[blockquote]“Where was the tutelary angel who should descend at such times and restore the everydayness of things? I felt acutely unqualified. I hadn’t volunteered for this job, and never would have, given how much was at stake. I didn’t want to be responsible for my loved one’s life.” [/blockquote]
“Caregiving takes a colossal toll and I was feeling its legendary strain.”
Diane’s experience as a caregiver, even with her circumstances under a magnifying glass, is one that almost any caregiver can strongly identify with, particularly with her range of feelings: ill-equipped, overwhelmed, guilty, and exhausted. There are many commonalities among caregivers and Diane explores them all. Friends and family no longer ask her how she’s doing, but rather how Paul is doing. She feels shame for worrying about how she will maintain her old life with these new responsibilities. Finding time alone is a struggle. Her “caregiver stress” is a result of “heaping a brain with more executive tasks than it was designed to handle.” Diane grieves for the husband she once had and travels along the path to acceptance of the husband she has now.
Paul’s progress is slow. And finding a balance between life and caregiving is painful. But eventually things begin to look up. After some seriously grueling work, Diane and Paul begin to embrace their new life. They discover humor and play in Paul’s aphasiac speech (one example of his odd, involuntary word combinations: “Lovely Ampersand of the Morning,” a pet name for Diane). Today the two “unwrap one day at a time, treating it as a star-spangled gift.” The caregiving journey never really ends for Diane but she forms a truce with the journey.
“Life can survive in the constant shadow of illness, and even rise to moments of rampant joy, but the shadow remains, and one has to make space for it.”
We think you’ll enjoy “One Hundred Names of Love” because…
… of Diane and Paul’s crafty wordplay
… reading about someone else’s life feels like making a new friend—someone who understands what you’re going through
… you’ll learn a lot about the brain and how it works
… of the beautiful writing and the exploration of language
… you don’t need to be a caregiver to enjoy this book
… the general tone of the book is uplifting and optimistic
… you’ll love Paul and Diane’s eccentricities, but mostly the love they have for each other
Diane and Paul Ackerman in Palm Beach, Florida. Photograph: Josh Ritchie/Polaris
Source: The Guardian
In a nutshell, Susie & Herman is the story of a son’s heartwarming memories of caring for his mother and step-father, as well as the life lessons he learned along the way.
We recommend it for…
…the beautifully written, oftentimes humorous, excerpts of Smith’s life with Susie and Herman
… gem quotes, like this: “I learned that, above all, caregiving is about dignity.”
… powerful insights, like this: “I have seen firsthand that caregivers are one of the greatest assets that our society possesses, providing support that would otherwise fall to the state.”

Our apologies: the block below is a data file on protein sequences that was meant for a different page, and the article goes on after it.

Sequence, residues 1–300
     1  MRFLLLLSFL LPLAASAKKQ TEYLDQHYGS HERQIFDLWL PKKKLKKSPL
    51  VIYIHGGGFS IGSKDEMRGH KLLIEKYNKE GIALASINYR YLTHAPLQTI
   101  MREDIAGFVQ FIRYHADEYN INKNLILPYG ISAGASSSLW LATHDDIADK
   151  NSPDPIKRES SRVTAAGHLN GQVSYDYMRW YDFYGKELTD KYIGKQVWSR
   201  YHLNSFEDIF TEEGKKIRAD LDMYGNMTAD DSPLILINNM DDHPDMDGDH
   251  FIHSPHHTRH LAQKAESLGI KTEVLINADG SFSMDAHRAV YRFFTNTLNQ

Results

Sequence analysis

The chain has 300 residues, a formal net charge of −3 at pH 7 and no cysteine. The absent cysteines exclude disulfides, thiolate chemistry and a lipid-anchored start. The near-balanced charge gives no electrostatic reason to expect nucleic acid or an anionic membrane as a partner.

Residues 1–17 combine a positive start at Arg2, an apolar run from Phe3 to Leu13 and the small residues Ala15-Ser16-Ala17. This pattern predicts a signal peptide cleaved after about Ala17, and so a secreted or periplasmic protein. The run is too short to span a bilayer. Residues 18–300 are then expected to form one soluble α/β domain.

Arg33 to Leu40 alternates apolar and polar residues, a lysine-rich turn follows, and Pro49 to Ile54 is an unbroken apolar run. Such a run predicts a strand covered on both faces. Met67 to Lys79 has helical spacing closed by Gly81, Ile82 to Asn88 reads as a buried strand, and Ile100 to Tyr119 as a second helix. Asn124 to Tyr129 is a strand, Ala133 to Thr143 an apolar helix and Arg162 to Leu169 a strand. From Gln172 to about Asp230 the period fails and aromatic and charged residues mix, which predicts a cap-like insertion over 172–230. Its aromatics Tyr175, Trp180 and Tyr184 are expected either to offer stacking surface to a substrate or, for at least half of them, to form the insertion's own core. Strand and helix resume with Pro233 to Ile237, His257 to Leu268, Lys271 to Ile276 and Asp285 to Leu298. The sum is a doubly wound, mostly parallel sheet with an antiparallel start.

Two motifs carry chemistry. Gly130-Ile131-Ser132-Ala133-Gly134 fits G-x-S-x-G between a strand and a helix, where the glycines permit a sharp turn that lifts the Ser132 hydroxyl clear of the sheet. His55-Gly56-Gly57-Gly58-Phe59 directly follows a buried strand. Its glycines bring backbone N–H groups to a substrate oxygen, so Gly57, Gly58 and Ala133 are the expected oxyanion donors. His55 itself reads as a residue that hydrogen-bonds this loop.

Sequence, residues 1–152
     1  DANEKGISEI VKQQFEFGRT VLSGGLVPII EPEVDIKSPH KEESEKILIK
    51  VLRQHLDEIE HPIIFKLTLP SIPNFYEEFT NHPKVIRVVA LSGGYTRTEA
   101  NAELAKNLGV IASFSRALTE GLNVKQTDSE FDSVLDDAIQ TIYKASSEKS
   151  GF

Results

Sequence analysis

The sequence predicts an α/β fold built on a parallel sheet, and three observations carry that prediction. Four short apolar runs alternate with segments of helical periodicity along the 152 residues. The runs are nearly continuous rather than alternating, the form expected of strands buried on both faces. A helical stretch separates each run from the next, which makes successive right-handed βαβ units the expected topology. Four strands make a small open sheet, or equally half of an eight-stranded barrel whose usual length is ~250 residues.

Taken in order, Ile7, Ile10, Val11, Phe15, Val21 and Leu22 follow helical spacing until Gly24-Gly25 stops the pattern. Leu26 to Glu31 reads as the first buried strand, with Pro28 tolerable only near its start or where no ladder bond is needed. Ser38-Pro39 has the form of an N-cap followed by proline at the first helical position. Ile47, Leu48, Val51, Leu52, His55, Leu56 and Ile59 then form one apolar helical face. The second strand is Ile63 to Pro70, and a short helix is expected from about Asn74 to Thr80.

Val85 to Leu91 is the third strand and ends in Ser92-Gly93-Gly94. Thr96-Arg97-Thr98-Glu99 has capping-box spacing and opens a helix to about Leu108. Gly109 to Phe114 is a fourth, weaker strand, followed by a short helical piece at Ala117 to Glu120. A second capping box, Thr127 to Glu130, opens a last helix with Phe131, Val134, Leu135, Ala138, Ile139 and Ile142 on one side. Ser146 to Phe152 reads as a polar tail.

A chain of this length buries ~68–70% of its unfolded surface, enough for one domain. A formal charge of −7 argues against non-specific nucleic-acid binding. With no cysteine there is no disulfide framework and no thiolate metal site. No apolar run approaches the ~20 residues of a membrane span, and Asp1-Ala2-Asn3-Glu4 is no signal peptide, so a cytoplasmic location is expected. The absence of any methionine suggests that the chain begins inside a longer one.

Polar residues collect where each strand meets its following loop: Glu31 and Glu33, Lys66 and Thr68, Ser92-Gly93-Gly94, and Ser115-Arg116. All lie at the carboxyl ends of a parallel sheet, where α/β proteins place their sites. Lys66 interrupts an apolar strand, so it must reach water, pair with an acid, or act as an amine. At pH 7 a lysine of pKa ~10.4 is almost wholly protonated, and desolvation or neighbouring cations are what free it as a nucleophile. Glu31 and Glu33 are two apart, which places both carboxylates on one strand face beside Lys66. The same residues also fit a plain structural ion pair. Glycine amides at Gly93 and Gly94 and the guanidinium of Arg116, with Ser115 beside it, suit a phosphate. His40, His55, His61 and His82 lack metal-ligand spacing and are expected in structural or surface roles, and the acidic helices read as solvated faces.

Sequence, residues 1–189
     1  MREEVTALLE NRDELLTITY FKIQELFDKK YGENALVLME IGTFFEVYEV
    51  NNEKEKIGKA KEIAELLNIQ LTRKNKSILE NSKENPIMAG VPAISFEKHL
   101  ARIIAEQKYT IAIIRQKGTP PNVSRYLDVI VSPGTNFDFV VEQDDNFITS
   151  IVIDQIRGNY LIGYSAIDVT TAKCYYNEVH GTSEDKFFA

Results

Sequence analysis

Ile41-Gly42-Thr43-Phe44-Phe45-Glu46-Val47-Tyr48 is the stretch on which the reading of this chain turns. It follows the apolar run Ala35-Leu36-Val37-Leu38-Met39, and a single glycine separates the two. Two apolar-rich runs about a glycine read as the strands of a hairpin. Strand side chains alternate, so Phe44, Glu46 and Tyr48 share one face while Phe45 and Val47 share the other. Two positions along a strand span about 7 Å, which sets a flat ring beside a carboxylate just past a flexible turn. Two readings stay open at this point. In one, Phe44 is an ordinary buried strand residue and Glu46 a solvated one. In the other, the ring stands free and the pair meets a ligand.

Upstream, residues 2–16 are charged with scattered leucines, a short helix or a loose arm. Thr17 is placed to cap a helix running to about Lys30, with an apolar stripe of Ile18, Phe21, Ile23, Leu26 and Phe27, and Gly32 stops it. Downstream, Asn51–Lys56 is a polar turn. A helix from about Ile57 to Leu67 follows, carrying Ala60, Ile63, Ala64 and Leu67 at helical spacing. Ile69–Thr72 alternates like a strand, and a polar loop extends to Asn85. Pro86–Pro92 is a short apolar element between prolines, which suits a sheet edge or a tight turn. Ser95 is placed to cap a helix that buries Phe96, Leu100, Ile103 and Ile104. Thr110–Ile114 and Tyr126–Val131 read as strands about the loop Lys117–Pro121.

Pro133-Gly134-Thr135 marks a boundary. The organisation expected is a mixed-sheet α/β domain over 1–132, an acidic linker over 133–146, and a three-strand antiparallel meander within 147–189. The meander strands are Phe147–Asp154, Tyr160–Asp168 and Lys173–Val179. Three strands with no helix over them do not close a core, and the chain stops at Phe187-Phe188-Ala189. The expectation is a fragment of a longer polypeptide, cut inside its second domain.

… the “Post-Scripts” that follow each memory—they impart the lessons Smith has learned along his caregiving journey
… the ease of read– the short, personal essays make it the perfect book to abruptly stop and start up again later.
Susie & Herman: A Story of Love and Caregiving
Author/Editor/Compilier: L.B. Smith
Susie & Herman is a memoir of the ordeals and adventures Smith encountered as family caregiver for his mother and step-father; incidents similar to those that other caregivers face daily. It is a reminder to caregivers that if they deny the anger, frustration and sadness that are a natural part of the task they have undertaken, then the negative effects of those denied feelings will intensify and harden into resentment, pessimism and contempt. This book is about dignity. Susie and Herman will help readers discover that, by lighting a candle through our empathy and compassion today, we each can illuminate the darkness of the specter of our fears of tomorrow… the aging process that awaits us all.
Self-care, take care of yourself, self-care, self-care—okay, we get it. How many times can a caregiver hear this before s/he gets sick of the phrase? Self-care articles glance over the logistics (and financials) of respite care; repeat the same familiar directives (eat right, sleep right); or miss the point entirely. Walk a day in our shoes: see how easy it is to carve out time for ourselves, when our day is spent taking care of others. It’s no wonder many caregivers roll their eyes when the subject of self-care approaches.
So it’s with a considerable amount of sensitivity that I draw closer to this article’s focus: a book on self-care. Full Cup, Thirsty Spirit, written by Karen Horneffer-Ginter, doesn’t take time for granted. Nor does it make self-care out to be an easy practice:
The idea of self-care is so simple and basic yet it can be one of the most complicated journeys we embark on…. I don’t want to insult people by implying they don’t know the obvious fundamentals of caring for a human body (like proper eating, exercise, and rest). On the other hand, I don’t want to annoy them by suggesting these acts of self-care can easily fit into an already-busy life.
Making space for ourselves can feel like sticking a hefty hardcover on an overcrowded bookshelf. And the harder it is to do, the more you need it. Horneffer-Ginter understands space and time constraints firsthand so she knows how difficult it can be. But it’s still crucial to our health and happiness.
We start slow. Literally. After a doctor’s appointment, try walking at half your normal speed back to the car. Of course there are places you need to be but maybe there’s one day you don’t. If we can “move slowly through the day life feels more magical.” We are hardwired to react to life quickly but if we give ourselves a moment’s pause before responding, our actions and words are more deliberate, less prone to mistakes.